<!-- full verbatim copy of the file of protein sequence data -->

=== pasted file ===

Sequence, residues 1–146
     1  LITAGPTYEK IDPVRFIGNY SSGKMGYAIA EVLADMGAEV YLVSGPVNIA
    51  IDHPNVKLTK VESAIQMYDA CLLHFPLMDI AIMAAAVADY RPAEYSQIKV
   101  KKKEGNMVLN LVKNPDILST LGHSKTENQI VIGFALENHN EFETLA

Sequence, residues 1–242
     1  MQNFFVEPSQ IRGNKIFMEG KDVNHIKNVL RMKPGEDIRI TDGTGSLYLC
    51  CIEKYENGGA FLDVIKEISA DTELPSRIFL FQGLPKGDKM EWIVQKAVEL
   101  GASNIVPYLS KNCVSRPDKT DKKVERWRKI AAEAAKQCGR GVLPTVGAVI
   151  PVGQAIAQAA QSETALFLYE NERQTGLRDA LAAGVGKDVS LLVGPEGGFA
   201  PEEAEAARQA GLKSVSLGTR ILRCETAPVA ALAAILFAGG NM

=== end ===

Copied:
Sequence, residues 1–146
     1  LITAGPTYEK IDPVRFIGNY SSGKMGYAIA EVLADMGAEV YLVSGPVNIA
    51  IDHPNVKLTK VESAIQMYDA CLLHFPLMDI AIMAAAVADY RPAEYSQIKV
   101  KKKEGNMVLN LVKNPDILST LGHSKTENQI VIGFALENHN EFETLA

Sequence, residues 1–242
     1  MQNFFVEPSQ IRGNKIFMEG KDVNHIKNVL RMKPGEDIRI TDGTGSLYLC
    51  CIEKYENGGA FLDVIKEISA DTELPSRIFL FQGLPKGDKM EWIVQKAVEL
   101  GASNIVPYLS KNCVSRPDKT DKKVERWRKI AAEAAKQCGR GVLPTVGAVI
   151  PVGQAIAQAA QSETALFLYE NERQTGLRDA LAAGVGKDVS LLVGPEGGFA
   201  PEEAEAARQA GLKSVSLGTR ILRCETAPVA ALAAILFAGG NM